Q: Are there any paid internships available? How do I find them?
X Responds: There are many paid internships available, but unfortunately I do not have a list. I believe the best way to find them is to ask around or do your own research. I know sometimes school administrators post flyers about internships or jobs in the guidance office, college office, library, and other places students might read them. Also, if you’re part of a special program, the program directors and/or mentors might know about internship ideas that are available for students.
Although it is nice to get paid and to make your own money, I feel that when looking for internships, you shouldn’t really focus on the paid aspect. The purpose of internships is to give students some working experience and to help them gain some knowledge about a possible future career.
So, even though you might not be making money in an unpaid internship, the great job you land in the future because of this “previous work experience” will make up for that.
Q: How do I pass Chemistry?
Y Responds: I once took chemistry and I can honestly say I struggled. Though I was known as one of the “smart” students in the class and would have other students asking me to help them out with their work, there were times when I was unsure of what to do.
For me, when I struggle in school, I don’t like asking help from other students unless I see that my teacher is not available. But most of the time I either go to tutoring, or I find out when my teacher will be available for me to ask him/her some questions about the material.
If I truly feel that I cannot learn directly from my teacher (either because of his/her teaching method or another reason), I either ask a student who has taken the class previously and fully understands the material or I would go to another teacher. A last resort for me is to go online and try to learn from videos or practice problems.
So, to pass chemistry, or any class at all, just seek help from anywhere you can. Do whatever is best for you so you can pass the class and be the scholar you have always been.
Q: What can I start doing as a ninth or tenth grader to prepare for the SAT or ACT?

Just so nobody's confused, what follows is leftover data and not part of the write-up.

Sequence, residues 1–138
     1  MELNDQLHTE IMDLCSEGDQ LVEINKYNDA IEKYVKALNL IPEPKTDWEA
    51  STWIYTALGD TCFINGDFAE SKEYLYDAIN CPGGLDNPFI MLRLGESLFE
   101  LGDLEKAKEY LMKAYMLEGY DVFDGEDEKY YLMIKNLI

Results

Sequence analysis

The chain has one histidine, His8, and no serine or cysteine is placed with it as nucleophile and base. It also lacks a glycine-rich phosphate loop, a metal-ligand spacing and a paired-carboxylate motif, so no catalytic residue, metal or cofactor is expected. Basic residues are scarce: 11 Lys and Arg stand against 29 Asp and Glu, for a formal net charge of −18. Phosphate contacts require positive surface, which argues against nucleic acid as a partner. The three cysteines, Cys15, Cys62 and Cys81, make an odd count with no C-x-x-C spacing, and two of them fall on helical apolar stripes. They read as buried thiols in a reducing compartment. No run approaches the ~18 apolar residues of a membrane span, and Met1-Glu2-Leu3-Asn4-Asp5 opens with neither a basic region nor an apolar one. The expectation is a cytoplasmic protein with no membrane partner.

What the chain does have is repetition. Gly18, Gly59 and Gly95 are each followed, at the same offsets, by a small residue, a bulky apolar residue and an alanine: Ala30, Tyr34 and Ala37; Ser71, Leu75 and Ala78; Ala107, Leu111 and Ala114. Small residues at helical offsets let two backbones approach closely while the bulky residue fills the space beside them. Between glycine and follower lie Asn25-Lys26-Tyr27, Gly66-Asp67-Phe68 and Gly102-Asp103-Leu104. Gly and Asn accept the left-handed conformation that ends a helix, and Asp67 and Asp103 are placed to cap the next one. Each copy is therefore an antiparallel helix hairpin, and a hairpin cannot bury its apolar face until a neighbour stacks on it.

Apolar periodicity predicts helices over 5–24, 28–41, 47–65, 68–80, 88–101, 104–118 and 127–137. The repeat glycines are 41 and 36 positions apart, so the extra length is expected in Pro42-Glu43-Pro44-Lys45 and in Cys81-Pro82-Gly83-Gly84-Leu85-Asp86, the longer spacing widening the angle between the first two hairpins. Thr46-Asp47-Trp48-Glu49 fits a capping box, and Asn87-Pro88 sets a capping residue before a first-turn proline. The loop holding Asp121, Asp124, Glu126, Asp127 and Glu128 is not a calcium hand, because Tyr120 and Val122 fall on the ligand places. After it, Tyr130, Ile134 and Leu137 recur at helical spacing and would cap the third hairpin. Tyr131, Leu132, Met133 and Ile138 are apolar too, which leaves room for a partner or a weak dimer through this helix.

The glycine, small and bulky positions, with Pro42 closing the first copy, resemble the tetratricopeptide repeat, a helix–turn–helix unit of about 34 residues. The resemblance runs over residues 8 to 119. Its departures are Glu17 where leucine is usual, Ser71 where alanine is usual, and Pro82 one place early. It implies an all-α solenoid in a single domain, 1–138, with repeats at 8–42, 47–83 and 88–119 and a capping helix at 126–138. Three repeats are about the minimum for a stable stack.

Z Responds: Being in the 9th or 10th grade is a great time to start preparing for the SAT or ACT because you have a lot of time. The best way to prepare for these tests is to familiarize yourself with what the tests want you to know. This can be achieved through the taking of practice tests and going to prep classes. Also, while taking practice tests, it is always good to time yourself so that on the day of the test, you will be comfortable completing the questions in the time you are given.
Another thing you can do (if you don’t already) is read more. Yes, there is a math section but the reading and writing section combined make up more of the test. If you are already good at math, then you may not need to practice as much for the math section as you should for the reading and writing sections. Reading more every day, or just in general, can help you learn new words. This will help you in those vocabulary questions, and will also help you understand the hidden meaning in stories, something which come up a lot on the SAT.
Also, reading more can help you on the writing section because while reading novels you may notice grammar and sentence structure, which will help you on those questions that ask what is grammatically incorrect in a sentence.
This may sound like a lot, but you have a lot of time to do these things, especially if you manage your time well. And while I’ve never taken the ACT, the above advice will probably help with that as well.
Q: I personally think the school’s grading system is not concrete. It therefore seems invalid… with teachers going “too easy” on students. This is something that has been bothering me for a while. Who should I speak to about this?
X responds: I think teachers may be going “too easy” on students because parents see that their child is failing and instead of making the student do better, they are blaming the teachers. I feel that too much is put on teachers and it is thought that teachers are there to “hold our hands” until we graduate. Although it is true that a teacher’s job is to make sure that we fully understand the material being taught, I don’t believe that teachers should be held responsible for a student’s lack of comprehension. If the student does not understand the material, it is his/her responsibility to inform the teacher, and then the student should go to tutoring. Teachers don’t have to go around asking all the students if they understand or not.
If you feel that this is affecting you personally, maybe contact the Department of Education, or just talk directly to the principal or vice principal of the school.